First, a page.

Generations, Part 2: Steps to Success

Getting Unstuck: Five Steps for Leading through

the Twelve Generational Sticking Points

As we consider what to do about the places where the generations tend to get stuck, it’s worth pointing out just where those conflicts are most likely to occur. According to Haydn Shaw, the 12 sticking points that come up most often are:

  1. Communication: What is the best way to interact with my coworkers (or fellow church members)?

  2. Decision Making: How do we decide what to do?

  3. Dress Code: How casually can I dress?

  4. Feedback: How often and in what ways do I want input?

  5. Fun: How much fun at work is allowed?

  6. Knowledge Transfer: How do we pass on critical knowledge to new employees (or volunteers)?

  7. Loyalty: When is it okay to move on?

  8. Meetings: What should happen in our meetings?

  9. Policies: Are policies rules or guidelines?

  10. Respect: How do I get other to respect me?

  11. Training: How do I learn best?

  12. Work Ethic: How many hours are required, and when must I work them?

So take a minute or two and think about these sticking points. Which one(s) seem to be issues in your workplace, your church, or your family? If we can learn to deal with these, then we will be prepared to tackle any other sticking points that may creep up along the way. But how exactly can we lead the way in dealing with these sticking points?

Five Steps for Leading Through Generational Differences

We need to have a practical process that we can follow when we are confronted with a sticking point. Haydn Shaw recommends 5 simple steps that anyone can use when dealing with these issues.

  1. Acknowledge: Talk about generational differences. The goal here is to “bring differences and frustrations into the open, where they can be resolved.” Ignoring the issue will only make it more of a problem, and frustrations that are kept under wraps will soon produce bitterness and a critical spirit. As we must do with any kind of disagreement in a relationship, we must begin to talk about it. We should voice the hard feelings the sticking point has produced and emphasize that we really do share a common need. Then we can make real progress.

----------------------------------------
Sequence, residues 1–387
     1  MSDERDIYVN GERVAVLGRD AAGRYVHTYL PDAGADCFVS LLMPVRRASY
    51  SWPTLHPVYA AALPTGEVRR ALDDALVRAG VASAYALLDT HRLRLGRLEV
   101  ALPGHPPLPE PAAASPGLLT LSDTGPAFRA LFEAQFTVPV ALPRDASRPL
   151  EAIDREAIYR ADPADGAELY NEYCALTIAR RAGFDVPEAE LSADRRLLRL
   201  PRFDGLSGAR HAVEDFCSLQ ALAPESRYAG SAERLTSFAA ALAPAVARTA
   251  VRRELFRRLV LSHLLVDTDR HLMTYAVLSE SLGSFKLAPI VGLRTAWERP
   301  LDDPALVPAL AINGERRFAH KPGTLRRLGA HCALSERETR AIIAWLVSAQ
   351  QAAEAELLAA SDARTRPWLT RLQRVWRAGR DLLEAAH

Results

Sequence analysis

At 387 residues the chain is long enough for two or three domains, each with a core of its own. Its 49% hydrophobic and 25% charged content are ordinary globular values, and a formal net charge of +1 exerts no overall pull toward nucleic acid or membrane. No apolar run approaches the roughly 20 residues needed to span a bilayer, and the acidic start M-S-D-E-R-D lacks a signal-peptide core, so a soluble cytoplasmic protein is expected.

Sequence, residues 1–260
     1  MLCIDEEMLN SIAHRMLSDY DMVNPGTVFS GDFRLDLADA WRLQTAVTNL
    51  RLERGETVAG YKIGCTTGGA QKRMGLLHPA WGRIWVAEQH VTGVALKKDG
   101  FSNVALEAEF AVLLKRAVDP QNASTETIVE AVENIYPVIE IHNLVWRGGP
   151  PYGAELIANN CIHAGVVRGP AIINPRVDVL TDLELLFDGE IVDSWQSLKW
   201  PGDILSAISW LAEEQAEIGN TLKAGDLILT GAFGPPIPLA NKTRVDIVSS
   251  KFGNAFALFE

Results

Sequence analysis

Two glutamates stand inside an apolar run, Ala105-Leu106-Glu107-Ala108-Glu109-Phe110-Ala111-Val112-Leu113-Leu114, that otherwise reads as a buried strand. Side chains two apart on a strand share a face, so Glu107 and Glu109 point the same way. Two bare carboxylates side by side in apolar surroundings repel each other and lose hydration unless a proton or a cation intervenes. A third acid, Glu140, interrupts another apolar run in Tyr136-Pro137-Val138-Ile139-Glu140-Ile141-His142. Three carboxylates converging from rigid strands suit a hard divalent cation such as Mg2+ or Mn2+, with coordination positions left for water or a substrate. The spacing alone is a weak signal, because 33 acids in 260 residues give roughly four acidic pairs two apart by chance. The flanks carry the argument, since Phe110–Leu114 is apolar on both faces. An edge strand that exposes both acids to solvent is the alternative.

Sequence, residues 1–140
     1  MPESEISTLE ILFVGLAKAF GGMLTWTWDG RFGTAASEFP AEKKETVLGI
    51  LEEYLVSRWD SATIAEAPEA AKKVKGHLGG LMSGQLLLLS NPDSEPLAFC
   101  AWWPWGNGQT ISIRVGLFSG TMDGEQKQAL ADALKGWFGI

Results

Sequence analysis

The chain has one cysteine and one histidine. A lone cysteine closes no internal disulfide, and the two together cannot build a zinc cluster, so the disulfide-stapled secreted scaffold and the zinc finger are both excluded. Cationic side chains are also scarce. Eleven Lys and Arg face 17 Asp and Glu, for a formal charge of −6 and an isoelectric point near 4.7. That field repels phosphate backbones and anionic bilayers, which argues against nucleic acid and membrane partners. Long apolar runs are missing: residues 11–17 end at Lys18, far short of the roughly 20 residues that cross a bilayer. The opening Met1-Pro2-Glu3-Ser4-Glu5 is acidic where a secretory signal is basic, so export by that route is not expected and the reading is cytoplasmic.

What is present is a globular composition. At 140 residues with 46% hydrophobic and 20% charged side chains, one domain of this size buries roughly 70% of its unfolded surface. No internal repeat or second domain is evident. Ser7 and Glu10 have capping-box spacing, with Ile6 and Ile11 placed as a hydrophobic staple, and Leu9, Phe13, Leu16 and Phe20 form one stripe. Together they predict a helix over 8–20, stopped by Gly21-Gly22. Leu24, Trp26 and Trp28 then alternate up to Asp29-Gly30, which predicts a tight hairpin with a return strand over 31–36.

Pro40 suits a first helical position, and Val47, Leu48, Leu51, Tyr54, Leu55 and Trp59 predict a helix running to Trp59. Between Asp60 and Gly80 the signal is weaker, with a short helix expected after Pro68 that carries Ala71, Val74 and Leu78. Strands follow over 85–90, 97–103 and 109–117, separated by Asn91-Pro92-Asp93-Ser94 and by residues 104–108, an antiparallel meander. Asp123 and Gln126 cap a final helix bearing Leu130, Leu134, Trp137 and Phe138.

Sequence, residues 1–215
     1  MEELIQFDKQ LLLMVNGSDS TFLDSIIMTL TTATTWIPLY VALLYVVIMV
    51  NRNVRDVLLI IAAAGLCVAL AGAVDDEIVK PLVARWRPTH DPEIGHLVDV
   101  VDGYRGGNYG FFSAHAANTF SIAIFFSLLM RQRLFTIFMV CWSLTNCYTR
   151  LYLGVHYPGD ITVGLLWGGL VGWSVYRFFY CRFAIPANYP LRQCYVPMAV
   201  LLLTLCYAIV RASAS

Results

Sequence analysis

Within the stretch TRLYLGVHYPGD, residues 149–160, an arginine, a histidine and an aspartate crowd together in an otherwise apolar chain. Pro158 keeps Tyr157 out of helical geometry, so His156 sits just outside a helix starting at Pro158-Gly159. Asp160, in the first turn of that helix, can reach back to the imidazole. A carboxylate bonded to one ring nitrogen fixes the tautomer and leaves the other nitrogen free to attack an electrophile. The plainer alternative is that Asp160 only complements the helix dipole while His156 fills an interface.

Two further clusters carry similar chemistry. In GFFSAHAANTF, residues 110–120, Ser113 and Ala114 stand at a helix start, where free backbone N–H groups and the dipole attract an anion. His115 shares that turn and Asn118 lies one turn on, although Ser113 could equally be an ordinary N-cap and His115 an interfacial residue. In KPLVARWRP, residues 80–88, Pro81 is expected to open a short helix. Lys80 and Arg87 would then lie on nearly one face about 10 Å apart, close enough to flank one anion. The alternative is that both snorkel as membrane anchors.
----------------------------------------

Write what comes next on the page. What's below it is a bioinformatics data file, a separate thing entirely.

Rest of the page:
2. Appreciate: Focus on the “why,” not the “what,” and the common needs. Our first tendency once the issue is on the table is to begin complaining about what is wrong with another generation. To avoid this, we have to redirect the conversation by asking each other to explain why we do what we do. “Why do you prefer a phone call to an email or a text?” “Why do you interrupt the meeting with jokes and silliness?” “Why do you walk in 20 minutes late without offering even an explanation?” These kinds of questions can help defuse the potential powder keg that is a conversation about sticking points.

  3. Flex: Agree on how to accommodate different approaches. Once we understand what the differences are and why we have them, we can begin to flex in order to meet each generation’s need in a way that appreciates their unique culture. Often what matters is that something is done well, not necessarily how it is done. Of course, there are limits to how far we can flex, especially as a church, but there is still usually some room to maneuver. But Shaw warns that “When it comes to generational sticking points, the hardest thing for many people is separating their preferences from the needs of the organization.” We need to learn to flex our preferences while staying true to our church’s core principles.

  4. Leverage: Maximize the strengths of each generation. We can compromise by cutting a deal, but all that does it avoid a conflict. When we learn to use each generation’s strengths to benefit the whole church, we can turn sticking points into opportunities to make our entire congregation better and our ministry more effective. How can the Traditionalists’ strengths make up for the Gen Xers’ weaknesses? How can Baby Boomers help Millennials be more effective and vice versa? These are the questions we need to be asking ourselves.

  5. Resolve: Determine which option will yield the best results (when flexing isn’t enough). Obviously, some sticking points require more than just trying to meet in the middle between the generations. Sometimes a decision must be made to resolve the issue more or less permanently. Shaw explains, “Understanding and flexing will make it far easier to come to a resolution, but you will ultimately have to decide how you will move forward in those situations where everyone’s preferences can’t be accommodated.”

Before we can put these steps into practice, we’re going to have to learn more about the generations so that we can appreciate why each one responds as it does. We’ll begin that next.

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